The now-deleted non-canonical is right where it should be and it shouldn't be resurrected. At best the existing canonical could be reorganized a bit to coalesce and gather all of the info in one answer...but the information is still there and having the non-canonical merged into it wouldn't be adding anything new.

  • It looks like this is the most popular option. It also looks like some people have probably started doing this already, since there are only 95 duplicates of the deleted question left as of the last SEDE update. At this rate, fixing them all shouldn't take too long. – Ilmari Karonen Dec 24 '18 at 1:12
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I'm in favour of option 2.

The majority of these questions are zero- or negative-scored. I guess we might as well fix the dupe targets, but further editing isn't a worthwhile use of what would probably add up to several man-hours of gold badgers' lives.

Makoto suggests that if we do anything other than option 3 then "we lose the visibility into if those questions were even worth bothering to begin with.". Okay, but what are we actually supposed to do about those that aren't? Gold badgers can't unilaterally delete, so can't do anything with the bad signposts other than a) fix the duplicate target despite the duplicate's worthlessness, or b) deliberately leave the duplicate target broken. Since (a) is clearly preferable, option 3 will end up with the gold badgers fixing all the duplicate targets anyway.

We might as well save them the busywork of sifting through garbage by having a mod fix the whole situation with a single action.

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    @Servy Merging (which mods can do) will automagically change the dupe targets, won't it? Even if it doesn't, it'll cause normal users to get redirected to the new canonical when they follow the dupe link. No need for a script. – Mark Amery Dec 19 '18 at 15:15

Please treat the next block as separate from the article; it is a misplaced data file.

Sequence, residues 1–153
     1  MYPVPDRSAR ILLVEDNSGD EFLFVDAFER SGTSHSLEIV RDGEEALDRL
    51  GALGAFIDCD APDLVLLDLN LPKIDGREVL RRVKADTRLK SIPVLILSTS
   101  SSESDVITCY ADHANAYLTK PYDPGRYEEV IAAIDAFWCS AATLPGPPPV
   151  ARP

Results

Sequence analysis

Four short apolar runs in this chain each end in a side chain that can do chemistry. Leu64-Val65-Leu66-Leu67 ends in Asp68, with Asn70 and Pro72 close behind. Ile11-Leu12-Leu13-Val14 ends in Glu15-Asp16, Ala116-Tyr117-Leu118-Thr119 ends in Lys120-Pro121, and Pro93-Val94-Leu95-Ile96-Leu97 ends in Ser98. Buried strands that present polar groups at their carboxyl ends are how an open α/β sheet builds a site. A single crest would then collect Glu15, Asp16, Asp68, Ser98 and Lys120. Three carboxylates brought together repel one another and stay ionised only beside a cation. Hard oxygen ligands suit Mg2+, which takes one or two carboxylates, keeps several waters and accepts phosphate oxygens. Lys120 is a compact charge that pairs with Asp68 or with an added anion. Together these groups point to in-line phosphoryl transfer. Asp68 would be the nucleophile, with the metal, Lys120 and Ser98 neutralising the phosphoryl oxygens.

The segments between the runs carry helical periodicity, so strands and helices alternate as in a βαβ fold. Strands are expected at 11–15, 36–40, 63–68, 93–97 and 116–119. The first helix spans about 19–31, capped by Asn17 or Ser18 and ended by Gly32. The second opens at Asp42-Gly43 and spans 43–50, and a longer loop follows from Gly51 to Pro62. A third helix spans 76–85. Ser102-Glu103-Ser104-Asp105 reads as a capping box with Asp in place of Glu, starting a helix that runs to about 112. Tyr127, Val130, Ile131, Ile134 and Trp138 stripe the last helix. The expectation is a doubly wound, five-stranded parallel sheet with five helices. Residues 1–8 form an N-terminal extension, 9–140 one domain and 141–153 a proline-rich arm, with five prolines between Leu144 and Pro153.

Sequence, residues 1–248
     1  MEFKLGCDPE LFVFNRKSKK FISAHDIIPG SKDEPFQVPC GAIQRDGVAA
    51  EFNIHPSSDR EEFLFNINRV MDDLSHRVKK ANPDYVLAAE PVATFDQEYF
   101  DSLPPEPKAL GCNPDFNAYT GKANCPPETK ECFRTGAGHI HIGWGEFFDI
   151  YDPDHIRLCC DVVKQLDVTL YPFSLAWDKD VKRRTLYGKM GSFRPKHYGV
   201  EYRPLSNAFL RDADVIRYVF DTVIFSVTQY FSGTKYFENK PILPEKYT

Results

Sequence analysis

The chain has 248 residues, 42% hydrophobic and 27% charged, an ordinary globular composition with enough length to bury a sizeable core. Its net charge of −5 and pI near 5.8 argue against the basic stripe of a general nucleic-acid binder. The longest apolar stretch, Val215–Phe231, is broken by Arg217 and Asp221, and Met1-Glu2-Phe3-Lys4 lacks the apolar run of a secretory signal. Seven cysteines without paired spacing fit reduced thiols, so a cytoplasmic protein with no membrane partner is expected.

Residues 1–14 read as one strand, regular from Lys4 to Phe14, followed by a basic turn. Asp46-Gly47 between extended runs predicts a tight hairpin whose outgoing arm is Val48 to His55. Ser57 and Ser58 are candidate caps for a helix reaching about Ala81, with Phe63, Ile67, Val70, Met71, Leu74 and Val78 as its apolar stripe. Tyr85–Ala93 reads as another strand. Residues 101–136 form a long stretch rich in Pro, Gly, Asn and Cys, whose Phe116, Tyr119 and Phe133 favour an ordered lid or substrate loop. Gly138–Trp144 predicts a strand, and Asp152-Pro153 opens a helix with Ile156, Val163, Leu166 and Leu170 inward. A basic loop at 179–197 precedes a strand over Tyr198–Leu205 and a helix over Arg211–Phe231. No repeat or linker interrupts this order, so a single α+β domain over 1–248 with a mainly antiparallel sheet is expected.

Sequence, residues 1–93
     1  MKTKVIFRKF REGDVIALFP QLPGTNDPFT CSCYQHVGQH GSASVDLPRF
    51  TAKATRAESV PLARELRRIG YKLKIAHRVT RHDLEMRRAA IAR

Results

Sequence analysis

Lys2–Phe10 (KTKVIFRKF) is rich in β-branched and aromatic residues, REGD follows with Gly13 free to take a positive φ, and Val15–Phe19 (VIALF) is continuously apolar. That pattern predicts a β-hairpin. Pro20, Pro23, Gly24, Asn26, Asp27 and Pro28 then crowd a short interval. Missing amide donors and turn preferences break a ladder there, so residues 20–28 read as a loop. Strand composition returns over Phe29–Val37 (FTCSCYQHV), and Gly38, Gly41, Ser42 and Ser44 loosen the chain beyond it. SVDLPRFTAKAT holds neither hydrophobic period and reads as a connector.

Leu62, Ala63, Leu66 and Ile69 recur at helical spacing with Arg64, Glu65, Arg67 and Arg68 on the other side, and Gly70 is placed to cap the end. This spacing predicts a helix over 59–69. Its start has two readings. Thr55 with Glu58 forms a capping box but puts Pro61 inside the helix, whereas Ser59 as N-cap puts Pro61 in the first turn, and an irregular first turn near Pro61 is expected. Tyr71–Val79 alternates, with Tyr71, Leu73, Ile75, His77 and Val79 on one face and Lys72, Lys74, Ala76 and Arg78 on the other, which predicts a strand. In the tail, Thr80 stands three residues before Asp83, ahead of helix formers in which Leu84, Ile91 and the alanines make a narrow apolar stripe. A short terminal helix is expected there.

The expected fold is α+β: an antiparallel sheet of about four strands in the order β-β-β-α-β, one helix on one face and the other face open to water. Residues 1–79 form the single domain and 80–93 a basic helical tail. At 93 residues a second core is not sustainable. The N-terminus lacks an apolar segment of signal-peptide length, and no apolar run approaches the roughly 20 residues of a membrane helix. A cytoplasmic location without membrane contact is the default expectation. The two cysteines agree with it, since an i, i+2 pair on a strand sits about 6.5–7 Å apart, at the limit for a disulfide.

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  1. None of the above, just let it stay deleted. The problem with this option is that it leaves over a hundred questions with broken duplicate links, unless we spend a considerable amount of effort getting them all deleted (or reopened, or edited to point to another duplicate, which would really be option #3 above).

SO is a site and like everything else in life there are consequences for peoples actions. The author with a 100k+ rep decided to leave the site. He knew what he was doing. Is the outcome unintended and disadvantageous for the rest. Yes very much so.

Still I think he and his posts have to be treated the same way as if someone like me was going to delete his account. Its a matter of fairness and respect to everyone who contributes. My guess is an new "canonical" question will arise and takes its place over time and people will adept.

EDIT: in my original post I overlooked that he couldn't have delete his own question under these conditions. I removed that part. However I learned something new and some of you might have learned something new as well. So down voted answers might still hold value.

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    A new canonical already exists. The issue is that we now have a ton of questions with no useful signpost which may need more moderation attention. Doing nothing doesn't fix that. – Makoto Dec 20 '18 at 17:27
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    It would have been impossible for the author of the question to delete the question with both answers and questions marked as a duplicate of it. – Tiny Giant Dec 20 '18 at 17:29